First Published: 2011-05-18

 

ICC prosecutor: Libya faces possible charges

 

Moreno-Ocampo warns whole Libyan regime it could face investigation, prosecution if it tries to cover up crimes committed against its people.

 

Middle East Online

Moreno-Ocampo

THE HAGUE - The International Criminal Court's prosecutor warned the whole Libyan regime Wednesday it could face investigation and prosecution if it tries to cover up crimes committed against its people.

"(Libyan) diplomats working in Libya cannot be part of the cover-up of these crimes -- we want to be clear on that," Luis Moreno-Ocampo said at a press conference in The Hague, where the world court is based.

"Failure to do so would result in an investigation and prosecution," he added.

His warning comes as his office on Wednesday sent a letter to Libyan Foreign Minister Abdelati Obeidi calling on him and "other Libyan authorities to refrain from being involved in such a cover-up."

The office "considers that part of the criminal plan implemented in Libya includes the cover-up of the crimes" committed to quash a popular uprising against Colonel Moamer Gathafi that erupted in February.

Asked how the regime's officials covered up crimes, Moreno-Ocampo said: "Even Mr Gathafi himself said 'where's the bodies', because what they do is that their doctors are prohibited to register dead people in hospitals... the bodies are hidden."

"If they shoot at or attack a mosque sometimes they destroy the mosque to terminate any links connected to the crime," he said.

The Argentinian prosecutor on Monday asked the court's judges to issue arrest warrants against Gathafi, his second-oldest son Seif al-Islam and his brother-in-law Abdullah al-Senussi -- for crimes against humanity.

Libya's government spokesman Mussa Ibrahim dismissed the ICC's bid, saying the court has no jurisdiction over Tripoli while denying accusations that the regime ordered the killing of civilians or hired mercenaries against them.

However, Moreno-Ocampo said Gathafi's regime is obliged to cooperate after the United Nations Security Council in February referred the Libyan crisis to the ICC prosecutor for investigation into crimes against humanity.

"Libya is a member of the United Nations and as such the UN Security Council resolutions are binding to Libya. Libya has the obligation to implement the arrest warrant," he said.

The prosecutor said his office continued to investigate crimes within Libya including information that numerous woman have been arrested and gang-raped.

His office was looking at whether Gathafi had ordered these rapes himself.

One of the leads was whether there was a link between the rapes and a huge consignment of Viagra drugs, which Moreno-Ocampo said were bought in "massive numbers to use."

His office was also looking at the killing of sub-Saharan Africans by rebel forces who accused "any black person" of being a mercenary fighting for Gathafi.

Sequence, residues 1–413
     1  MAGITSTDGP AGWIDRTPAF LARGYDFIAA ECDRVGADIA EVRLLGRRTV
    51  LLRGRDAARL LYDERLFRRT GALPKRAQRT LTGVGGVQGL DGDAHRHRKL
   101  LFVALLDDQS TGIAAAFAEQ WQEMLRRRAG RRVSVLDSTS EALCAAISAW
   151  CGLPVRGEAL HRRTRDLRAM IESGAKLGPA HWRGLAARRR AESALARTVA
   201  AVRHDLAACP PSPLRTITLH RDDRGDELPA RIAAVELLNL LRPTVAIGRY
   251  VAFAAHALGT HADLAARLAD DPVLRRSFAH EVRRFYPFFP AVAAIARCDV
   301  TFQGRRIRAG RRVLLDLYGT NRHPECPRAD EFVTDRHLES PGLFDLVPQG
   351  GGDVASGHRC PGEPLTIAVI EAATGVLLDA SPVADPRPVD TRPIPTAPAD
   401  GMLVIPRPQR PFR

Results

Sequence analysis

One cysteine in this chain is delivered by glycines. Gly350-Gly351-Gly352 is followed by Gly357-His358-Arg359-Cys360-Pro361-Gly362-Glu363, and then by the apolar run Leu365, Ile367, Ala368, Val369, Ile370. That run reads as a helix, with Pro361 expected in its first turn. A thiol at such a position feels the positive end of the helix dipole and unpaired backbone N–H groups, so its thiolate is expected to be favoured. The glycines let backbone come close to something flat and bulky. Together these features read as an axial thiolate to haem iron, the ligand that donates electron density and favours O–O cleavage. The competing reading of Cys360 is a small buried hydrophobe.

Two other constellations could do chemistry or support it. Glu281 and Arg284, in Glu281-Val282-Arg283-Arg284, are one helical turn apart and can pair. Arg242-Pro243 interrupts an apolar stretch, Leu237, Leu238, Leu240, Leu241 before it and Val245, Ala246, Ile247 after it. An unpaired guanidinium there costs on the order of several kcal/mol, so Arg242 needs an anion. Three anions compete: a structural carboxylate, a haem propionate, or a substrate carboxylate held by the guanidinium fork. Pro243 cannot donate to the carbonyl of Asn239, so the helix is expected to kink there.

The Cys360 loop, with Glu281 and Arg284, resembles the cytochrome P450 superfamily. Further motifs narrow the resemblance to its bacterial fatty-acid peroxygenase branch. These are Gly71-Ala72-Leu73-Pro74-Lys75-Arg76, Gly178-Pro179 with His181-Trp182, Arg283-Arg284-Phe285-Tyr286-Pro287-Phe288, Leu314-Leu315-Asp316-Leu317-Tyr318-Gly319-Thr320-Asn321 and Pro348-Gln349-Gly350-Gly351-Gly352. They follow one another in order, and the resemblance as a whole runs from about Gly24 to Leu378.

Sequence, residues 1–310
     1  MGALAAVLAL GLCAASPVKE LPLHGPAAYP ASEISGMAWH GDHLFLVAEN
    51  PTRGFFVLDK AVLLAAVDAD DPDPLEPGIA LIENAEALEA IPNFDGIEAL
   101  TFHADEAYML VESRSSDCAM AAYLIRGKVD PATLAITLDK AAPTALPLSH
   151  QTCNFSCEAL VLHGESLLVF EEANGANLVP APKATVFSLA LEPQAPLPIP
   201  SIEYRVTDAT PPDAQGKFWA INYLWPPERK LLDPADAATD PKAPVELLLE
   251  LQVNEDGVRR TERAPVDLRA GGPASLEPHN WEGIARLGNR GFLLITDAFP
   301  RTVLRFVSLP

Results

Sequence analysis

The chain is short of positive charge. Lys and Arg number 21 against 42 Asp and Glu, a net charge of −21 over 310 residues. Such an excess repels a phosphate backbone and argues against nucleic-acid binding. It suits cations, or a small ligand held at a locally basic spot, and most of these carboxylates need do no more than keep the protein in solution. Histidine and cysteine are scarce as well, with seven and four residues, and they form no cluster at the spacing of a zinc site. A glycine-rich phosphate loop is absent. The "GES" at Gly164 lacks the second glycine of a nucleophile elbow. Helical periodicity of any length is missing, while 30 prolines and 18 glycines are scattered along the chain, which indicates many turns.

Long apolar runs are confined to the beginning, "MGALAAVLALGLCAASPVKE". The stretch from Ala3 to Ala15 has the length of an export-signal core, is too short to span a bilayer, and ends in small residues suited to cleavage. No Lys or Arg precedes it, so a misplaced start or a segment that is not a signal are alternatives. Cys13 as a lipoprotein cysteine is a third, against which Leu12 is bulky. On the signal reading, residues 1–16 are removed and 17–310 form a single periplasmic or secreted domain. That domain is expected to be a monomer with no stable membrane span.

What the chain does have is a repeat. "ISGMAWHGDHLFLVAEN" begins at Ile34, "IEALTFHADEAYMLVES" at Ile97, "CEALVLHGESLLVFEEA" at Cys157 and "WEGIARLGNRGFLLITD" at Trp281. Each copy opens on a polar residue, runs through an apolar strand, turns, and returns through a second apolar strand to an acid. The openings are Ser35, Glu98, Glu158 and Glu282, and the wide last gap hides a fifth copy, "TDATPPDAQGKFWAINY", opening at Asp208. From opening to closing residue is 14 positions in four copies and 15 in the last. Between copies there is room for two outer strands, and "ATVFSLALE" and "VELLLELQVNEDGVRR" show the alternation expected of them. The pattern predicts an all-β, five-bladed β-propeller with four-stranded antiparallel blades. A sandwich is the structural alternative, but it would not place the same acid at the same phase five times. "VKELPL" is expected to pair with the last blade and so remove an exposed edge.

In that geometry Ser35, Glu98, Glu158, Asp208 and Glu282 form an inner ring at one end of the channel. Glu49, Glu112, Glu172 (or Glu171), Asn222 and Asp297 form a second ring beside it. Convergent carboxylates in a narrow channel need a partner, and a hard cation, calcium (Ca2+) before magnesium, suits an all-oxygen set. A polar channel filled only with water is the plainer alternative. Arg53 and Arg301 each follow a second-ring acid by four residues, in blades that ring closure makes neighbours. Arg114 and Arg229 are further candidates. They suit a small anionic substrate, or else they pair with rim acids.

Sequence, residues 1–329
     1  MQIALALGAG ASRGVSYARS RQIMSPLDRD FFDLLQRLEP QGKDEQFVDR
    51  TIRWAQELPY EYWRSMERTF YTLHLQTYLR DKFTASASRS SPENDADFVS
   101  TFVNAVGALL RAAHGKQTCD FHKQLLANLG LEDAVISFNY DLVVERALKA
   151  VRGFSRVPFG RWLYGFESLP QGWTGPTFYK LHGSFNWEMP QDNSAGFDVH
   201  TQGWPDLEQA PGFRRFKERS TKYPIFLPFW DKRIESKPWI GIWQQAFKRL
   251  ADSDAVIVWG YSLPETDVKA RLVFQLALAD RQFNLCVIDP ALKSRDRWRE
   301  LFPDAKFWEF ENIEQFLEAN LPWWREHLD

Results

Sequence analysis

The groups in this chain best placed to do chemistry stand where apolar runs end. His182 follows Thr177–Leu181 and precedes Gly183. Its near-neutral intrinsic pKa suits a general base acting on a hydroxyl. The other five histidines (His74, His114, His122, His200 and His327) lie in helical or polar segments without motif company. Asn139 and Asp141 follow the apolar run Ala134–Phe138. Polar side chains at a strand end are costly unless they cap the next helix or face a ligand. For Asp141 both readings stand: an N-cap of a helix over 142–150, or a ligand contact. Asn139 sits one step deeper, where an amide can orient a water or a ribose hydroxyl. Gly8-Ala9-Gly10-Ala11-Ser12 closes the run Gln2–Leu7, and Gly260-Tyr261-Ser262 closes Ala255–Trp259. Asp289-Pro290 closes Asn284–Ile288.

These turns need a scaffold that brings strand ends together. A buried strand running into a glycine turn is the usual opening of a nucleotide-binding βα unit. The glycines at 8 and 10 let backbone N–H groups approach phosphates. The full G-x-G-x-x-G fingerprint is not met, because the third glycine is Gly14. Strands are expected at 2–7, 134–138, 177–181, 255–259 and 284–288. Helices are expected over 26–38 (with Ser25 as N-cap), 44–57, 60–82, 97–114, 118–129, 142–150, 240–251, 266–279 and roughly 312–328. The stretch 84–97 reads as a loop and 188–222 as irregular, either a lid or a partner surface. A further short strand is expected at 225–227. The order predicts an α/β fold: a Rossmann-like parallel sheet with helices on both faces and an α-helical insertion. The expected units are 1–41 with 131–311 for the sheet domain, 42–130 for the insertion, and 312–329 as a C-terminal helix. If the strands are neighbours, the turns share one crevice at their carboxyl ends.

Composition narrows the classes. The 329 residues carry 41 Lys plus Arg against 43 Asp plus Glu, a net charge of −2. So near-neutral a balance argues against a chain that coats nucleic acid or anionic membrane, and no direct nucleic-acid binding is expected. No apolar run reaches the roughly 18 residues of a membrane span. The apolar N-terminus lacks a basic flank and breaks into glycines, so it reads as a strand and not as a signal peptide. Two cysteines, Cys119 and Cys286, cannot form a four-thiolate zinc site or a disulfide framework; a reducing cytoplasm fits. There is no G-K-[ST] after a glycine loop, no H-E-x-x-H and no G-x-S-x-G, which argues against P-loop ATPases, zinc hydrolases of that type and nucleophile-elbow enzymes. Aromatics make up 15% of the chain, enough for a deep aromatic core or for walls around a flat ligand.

"After that there were allegations in Benghazi that black people were killed, just because they were being black," he said in reference to the rebels' capital.

Thousands of people have died in violent clashes pitting regime opponents and Gathafi loyalists, and forced some 750,000 to flee, according to data from the ICC and the UN.

 

Angry protesters storm Iraq Green Zone

War continues in Aleppo, with US-Russia agreement

Rouhani allies win second round of Iran parliament elections

Yemen government forces seize Qaeda training camp

Aleppo mourns paediatrician killed in air strike

UN council votes to bring back full Western Sahara mission

Air strike hits clinic in rebel-held Aleppo

US, Russia 'agree freeze' on two Syrian fronts

Libya unity government vows to end jihadist 'scourge'

Turkey demands 5 years jail for UK academic over 'terror propaganda'

UK pair accused of giving money to Brussels, Paris attacks suspect

Turkey says Bursa bomber linked to PKK

UN rights chief calls Syrian crisis 'shameful realpolitik'

Kuwait steps up deportations of expat workers

South Sudan unveils unity government

Iranians vote in second round of parliamentary elections

Palestinians support, Israel opposes French peace initiative

Biden in surprise Iraq visit to support embattled government

MSF condemns strike on Aleppo hospital

Lifeline to millions in Syria 'may be broken' as violence intensifies

Turkish journalists get two years for publishing Charlie Hebdo cartoon

Greece making 'incredible effort' to tackle migration issue

Iraq shuts Al-Jazeera bureau for 'instigating violence and sectarianism'

Syria regime readies for major Aleppo offensive

Israel nuclear reactor defects spark secrecy dilemma

Suicide bomber targets Aden police chief

Death toll in Syria's Aleppo rises despite UN truce plea

Italy to introduce migrant fingerprinting at sea

UN envoy plans to hold another round of Syria peace talks

US proposes full restoration of Western Sahara mission

27 Yemeni soldiers dead in key offensive

Global press freedom drops to lowest level in 12 years

Constitutional amendment grants Jordan king more powers

Suicide bomber blows herself up in Turkey northwestern city

Austria adopts one of EU's toughest asylum laws

Netherlands warns no safety 'guarantees' for visitors to Turkey

Battered Aleppo residents ask: Where is Syria ceasefire?

Libya kidnappers release Serbian worker

Sinai bombing kills three Egypt policemen

UAE considers tough safety code after skyscraper fires

UNESCO says Palmyra retains 'authenticity' despite damage

Khamenei says US 'fomenting Iranophobia'

Russia applauds cooperation with US on Syria

Etihad Airways sees $103 million profit in 2015

Russia asks UN to list Syria rebel group as 'terrorist'